Centre-forwards are a tradition at Goodison Park. From the man who started it all, Dixie Dean, to Duncan Ferguson, the Everton faithful have more often than not had a number nine to worship. Included in their number are such luminaries as Tommy Lawton, Dave Hickson, Joe Royle, Andy Gray, Graeme Sharp and Gary Lineker.
None so far has been deified by them to the extent as was Alex Young: manager Harry Catterick was physically threatened on dropping Young in favour of the 16-year-old Royle for a fixture at Blackpool, and even Brian Labone was not above their wrath – he was booed at one home game for injuring Young in training.
As has been indicated, Everton fans know a thing or two about centre-forwards, so they must have been right. Indeed, Young was a fine footballer, caressing rather than striking the ball, and while not physically powerful in the manner of a Hickson or a Lawton, he was still majestic in the air. He was not blessed with extreme pace but appeared somehow to glide when others ran, giving a basis to the legend that he would drift back to Olympus instead of driving home after the match. His touch was sublimely delicate, and his awareness was in keeping with his reputation among the fans in as much as he could distribute perfect passes without apparently looking up.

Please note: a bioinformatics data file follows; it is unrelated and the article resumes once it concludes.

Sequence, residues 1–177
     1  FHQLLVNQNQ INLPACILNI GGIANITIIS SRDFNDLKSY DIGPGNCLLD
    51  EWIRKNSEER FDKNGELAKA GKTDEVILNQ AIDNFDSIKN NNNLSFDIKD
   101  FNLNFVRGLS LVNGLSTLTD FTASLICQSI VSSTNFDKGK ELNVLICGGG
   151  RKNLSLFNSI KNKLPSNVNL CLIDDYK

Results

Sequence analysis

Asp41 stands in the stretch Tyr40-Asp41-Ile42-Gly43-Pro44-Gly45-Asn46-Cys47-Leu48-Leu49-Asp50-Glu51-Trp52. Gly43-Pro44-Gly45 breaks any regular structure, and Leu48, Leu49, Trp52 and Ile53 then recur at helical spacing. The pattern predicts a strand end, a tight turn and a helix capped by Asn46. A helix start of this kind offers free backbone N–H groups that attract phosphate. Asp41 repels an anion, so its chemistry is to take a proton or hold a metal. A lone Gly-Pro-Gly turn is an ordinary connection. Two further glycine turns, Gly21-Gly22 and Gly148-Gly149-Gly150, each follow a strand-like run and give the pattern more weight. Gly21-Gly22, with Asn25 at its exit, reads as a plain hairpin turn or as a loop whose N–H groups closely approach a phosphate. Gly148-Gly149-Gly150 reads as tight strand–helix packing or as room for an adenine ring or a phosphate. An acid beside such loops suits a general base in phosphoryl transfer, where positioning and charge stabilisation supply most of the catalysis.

His popularity could hardly have been envisaged when he was signed, from Hearts in 1960. Many Scottish pundits thought that the fee of £40,000 was excessive, and at first it looked as though they had been right. However, though Young's barren settling-in period at Goodison turned out to be one of the most disappointing spells of his career, he went on to prove his critics wrong in spectacular fashion, earning himself the nickname "The Golden Vision".
His partnership with Roy Vernon blossomed and in 1962/63 took Everton to the League Championship, Young scoring 22 and making a great number more for Vernon. That season was perhaps the peak of his Everton career, although he was around to help win the FA Cup in 1966. He left the scene of his greatest triumphs in 1968. After a brief spell managing Irish side Glentoran, he saw out his playing days at Stockport County.
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